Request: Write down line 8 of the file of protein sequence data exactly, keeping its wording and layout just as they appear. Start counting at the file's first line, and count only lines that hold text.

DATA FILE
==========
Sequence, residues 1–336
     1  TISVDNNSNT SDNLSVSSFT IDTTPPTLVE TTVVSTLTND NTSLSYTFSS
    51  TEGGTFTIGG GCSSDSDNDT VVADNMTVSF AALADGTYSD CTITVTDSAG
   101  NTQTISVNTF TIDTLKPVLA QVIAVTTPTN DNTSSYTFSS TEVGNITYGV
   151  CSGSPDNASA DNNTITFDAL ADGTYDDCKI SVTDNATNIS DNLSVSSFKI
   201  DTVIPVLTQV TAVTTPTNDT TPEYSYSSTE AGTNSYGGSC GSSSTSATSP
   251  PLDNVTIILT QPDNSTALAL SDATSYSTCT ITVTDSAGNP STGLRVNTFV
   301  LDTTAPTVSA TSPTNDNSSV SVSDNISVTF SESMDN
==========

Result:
   301  LDTTAPTVSA TSPTNDNSSV SVSDNISVTF SESMDN